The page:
Is CET Treatment for Neuropathy Worth the Try?

Combined Electrochemical Therapy (CET) is one of the newest treatments available for peripheral neuropathy.

While it’s still at its early stage and more research is needed, preliminary findings and clinical trials show great promise. This combination of electrical signals with pain medication may significantly reduce nerve pain and improve nerve function.

So, let’s investigate and find out if CET treatment is worth the try if standard neuropathy treatments have failed for you.

What is Combined Electrochemical Therapy (CET)?

Combined Electrochemical Therapy (CET) is an innovative, FDA-approved treatment for chronic pain, including nerve pain caused by peripheral neuropathy, musculoskeletal pain, or chronic wounds.

CET combines pain medications like local anesthetics or anti-inflammatory drugs with Electrical Signal Therapy (EST). It helps reduce pain by delivering pain-relief medicines directly to the affected area, enhancing the drug’s effectiveness while minimizing side effects on healthy tissue.

During CET, a low-voltage electrical current is applied to the skin over the painful or sensitive area. These electrical signals are believed to improve the delivery and absorption of pain medication into the underlying tissues, nerves, muscles, and joints. Using electric current may help drive the drug more profound into the tissues, where it can target the source of pain more effectively.

It is important to note that Combined Electrochemical Treatment is still considered an experimental therapy for most conditions, including neuropathy. Therefore, it’s often available only in clinical trials.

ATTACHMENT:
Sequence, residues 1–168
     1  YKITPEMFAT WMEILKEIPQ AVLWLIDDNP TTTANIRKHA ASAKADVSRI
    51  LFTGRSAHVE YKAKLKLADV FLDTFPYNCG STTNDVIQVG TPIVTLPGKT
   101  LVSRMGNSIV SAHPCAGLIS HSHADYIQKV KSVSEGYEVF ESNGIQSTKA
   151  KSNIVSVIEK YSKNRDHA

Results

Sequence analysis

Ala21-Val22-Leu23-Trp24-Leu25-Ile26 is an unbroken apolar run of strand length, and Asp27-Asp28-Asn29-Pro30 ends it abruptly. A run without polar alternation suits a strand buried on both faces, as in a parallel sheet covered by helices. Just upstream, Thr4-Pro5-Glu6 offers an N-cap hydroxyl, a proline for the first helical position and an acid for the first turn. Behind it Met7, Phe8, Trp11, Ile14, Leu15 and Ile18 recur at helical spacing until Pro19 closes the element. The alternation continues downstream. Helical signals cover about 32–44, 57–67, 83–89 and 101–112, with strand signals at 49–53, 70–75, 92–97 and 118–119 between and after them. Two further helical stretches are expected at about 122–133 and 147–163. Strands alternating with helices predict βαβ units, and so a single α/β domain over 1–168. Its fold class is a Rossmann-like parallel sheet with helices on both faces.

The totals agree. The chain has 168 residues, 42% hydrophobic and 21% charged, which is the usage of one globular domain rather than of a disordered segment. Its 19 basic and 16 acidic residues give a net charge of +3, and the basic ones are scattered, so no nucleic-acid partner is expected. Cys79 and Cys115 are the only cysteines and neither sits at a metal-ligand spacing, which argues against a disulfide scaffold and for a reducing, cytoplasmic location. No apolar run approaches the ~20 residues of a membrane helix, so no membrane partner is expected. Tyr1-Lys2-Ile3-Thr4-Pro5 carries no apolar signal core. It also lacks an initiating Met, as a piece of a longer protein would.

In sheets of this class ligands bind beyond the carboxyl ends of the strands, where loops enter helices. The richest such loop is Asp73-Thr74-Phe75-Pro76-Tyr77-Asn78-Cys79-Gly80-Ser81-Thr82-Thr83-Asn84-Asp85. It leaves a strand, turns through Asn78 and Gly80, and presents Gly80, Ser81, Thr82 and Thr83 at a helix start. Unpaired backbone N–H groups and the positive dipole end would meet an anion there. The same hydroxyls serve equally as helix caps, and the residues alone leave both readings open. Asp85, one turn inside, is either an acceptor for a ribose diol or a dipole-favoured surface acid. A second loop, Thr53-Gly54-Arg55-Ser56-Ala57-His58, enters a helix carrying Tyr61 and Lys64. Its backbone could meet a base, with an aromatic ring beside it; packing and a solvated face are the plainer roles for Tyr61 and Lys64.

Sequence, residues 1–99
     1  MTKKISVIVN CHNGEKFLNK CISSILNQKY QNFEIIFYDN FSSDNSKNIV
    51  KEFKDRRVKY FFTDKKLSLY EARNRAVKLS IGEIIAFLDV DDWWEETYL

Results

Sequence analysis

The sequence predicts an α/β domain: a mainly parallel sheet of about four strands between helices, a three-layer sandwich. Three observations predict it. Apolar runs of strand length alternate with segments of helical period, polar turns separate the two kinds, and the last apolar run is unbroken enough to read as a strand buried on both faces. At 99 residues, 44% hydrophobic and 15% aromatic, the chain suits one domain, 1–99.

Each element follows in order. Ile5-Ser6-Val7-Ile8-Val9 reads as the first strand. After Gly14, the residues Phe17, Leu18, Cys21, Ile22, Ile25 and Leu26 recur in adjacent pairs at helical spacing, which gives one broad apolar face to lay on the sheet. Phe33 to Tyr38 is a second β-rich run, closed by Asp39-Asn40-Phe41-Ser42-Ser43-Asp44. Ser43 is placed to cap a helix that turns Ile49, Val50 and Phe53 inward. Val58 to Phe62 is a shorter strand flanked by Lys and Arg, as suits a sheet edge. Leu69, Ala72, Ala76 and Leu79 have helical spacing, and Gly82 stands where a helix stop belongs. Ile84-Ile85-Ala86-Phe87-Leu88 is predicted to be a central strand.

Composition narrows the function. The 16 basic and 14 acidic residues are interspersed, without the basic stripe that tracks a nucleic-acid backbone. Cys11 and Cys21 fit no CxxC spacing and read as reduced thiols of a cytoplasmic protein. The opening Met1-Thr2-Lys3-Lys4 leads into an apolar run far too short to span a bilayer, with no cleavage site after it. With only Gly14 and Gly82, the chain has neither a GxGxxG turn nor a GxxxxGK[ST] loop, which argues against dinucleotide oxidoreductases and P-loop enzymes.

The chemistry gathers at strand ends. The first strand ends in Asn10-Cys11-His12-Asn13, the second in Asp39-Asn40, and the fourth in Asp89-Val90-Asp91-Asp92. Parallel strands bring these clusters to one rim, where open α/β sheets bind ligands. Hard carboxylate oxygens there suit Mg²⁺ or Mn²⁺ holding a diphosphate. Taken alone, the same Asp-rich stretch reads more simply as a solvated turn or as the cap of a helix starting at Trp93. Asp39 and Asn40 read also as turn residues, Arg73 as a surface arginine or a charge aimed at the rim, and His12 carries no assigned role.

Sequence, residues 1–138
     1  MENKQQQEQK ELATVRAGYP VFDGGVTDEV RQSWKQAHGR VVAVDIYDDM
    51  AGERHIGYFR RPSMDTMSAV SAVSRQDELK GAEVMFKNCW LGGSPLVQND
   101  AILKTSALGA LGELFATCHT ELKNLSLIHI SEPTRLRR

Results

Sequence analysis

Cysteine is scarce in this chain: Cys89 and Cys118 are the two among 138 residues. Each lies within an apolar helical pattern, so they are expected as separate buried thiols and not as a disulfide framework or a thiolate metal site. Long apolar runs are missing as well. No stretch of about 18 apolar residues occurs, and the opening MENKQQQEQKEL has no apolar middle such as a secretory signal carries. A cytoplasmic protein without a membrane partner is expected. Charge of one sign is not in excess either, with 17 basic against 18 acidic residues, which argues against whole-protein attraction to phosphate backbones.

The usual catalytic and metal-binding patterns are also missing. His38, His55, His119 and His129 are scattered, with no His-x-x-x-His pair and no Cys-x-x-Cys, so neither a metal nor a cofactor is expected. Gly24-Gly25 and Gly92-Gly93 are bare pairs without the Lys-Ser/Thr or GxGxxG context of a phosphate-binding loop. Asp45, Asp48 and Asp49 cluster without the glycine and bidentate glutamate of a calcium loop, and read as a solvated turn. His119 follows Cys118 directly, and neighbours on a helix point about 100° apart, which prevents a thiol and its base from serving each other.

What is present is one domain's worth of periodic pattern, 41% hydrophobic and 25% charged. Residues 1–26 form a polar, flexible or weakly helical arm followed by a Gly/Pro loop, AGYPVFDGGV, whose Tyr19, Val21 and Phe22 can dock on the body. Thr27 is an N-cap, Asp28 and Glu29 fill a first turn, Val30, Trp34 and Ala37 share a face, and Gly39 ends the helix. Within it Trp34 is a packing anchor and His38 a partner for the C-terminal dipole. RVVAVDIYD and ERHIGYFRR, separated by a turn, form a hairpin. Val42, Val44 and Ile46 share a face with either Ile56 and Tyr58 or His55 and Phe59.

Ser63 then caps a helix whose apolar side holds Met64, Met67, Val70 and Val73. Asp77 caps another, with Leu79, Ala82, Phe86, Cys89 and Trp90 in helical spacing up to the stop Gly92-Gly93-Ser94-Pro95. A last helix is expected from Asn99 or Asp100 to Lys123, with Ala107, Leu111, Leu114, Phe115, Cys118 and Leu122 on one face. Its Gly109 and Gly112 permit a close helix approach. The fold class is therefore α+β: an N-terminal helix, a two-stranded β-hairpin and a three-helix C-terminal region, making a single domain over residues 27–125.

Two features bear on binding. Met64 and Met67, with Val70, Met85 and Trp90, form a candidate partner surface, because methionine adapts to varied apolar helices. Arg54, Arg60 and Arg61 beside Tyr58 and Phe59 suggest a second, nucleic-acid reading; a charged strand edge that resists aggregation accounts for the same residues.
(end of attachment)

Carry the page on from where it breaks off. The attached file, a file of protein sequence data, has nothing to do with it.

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CET Treatment for Neuropathy

Peripheral neuropathy is one of the areas where CET is being extensively studied. Indeed, preliminary research suggests that CET may effectively reduce pain and improve nerve function in patients with chemotherapy-induced peripheral neuropathy and diabetic neuropathy.

But let’s first understand what peripheral neuropathy is exactly and why it causes such difficult chronic pain to treat.

What is peripheral neuropathy pain?

Peripheral neuropathy is a chronic condition where the nerves at the body’s extremities (feet and hands mostly) are damaged. It can be caused by various factors, including diabetes (diabetic neuropathy), chemotherapy treatments for cancer, infections, certain medications, alcoholism, or autoimmune disorders.

Neuropathic pain and symptoms can be mild or highly debilitating depending on the individual and the extent of nerve damage.

Nerve pain is known to be one of the most challenging types of pain to address medically. That’s because peripheral nerves are responsible for transmitting signals from the brain and spinal cord to the rest of the body and vice versa. When they are damaged, they can send abnormal signals to the brain. As a result, patients can feel pain or unpleasant sensations often described as numbness, burning, tingling, or shooting sensation. In some cases, neuropathy can also cause muscle weakness, loss of balance, or difficulty walking, seriously interfering with daily activities, physical exercise, work abilities, and quality of life.

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The exact mechanisms of peripheral neuropathy pain are not fully understood yet. Several factors may be involved, including inflammation, nerve damage, and abnormal signaling in the nervous system. Additionally, peripheral neuropathy can change how the brain processes pain signals, leading to a heightened sensitivity to pain.

Eventually, standard neuropathy treatments, such as analgesics, anti-inflammatory drugs, or antiepileptic drugs1 like Gabapentin, often fail at providing relief. New physical therapies such as Electrical Nerve Stimulation or Combined Electrochemical Therapy are showing great promise.

How does CET work for neuropathy?

Combined Electrochemical Therapy (CET) for neuropathy is believed to work by enhancing the delivery and absorption of the medication into the damaged nerves.

A unique device applies a low-voltage electrical current to the skin over the feet or hands. The healthcare provider may need to use a conductive gel on your skin first. The process is not painful, although some patients may experience a mild tingling sensation.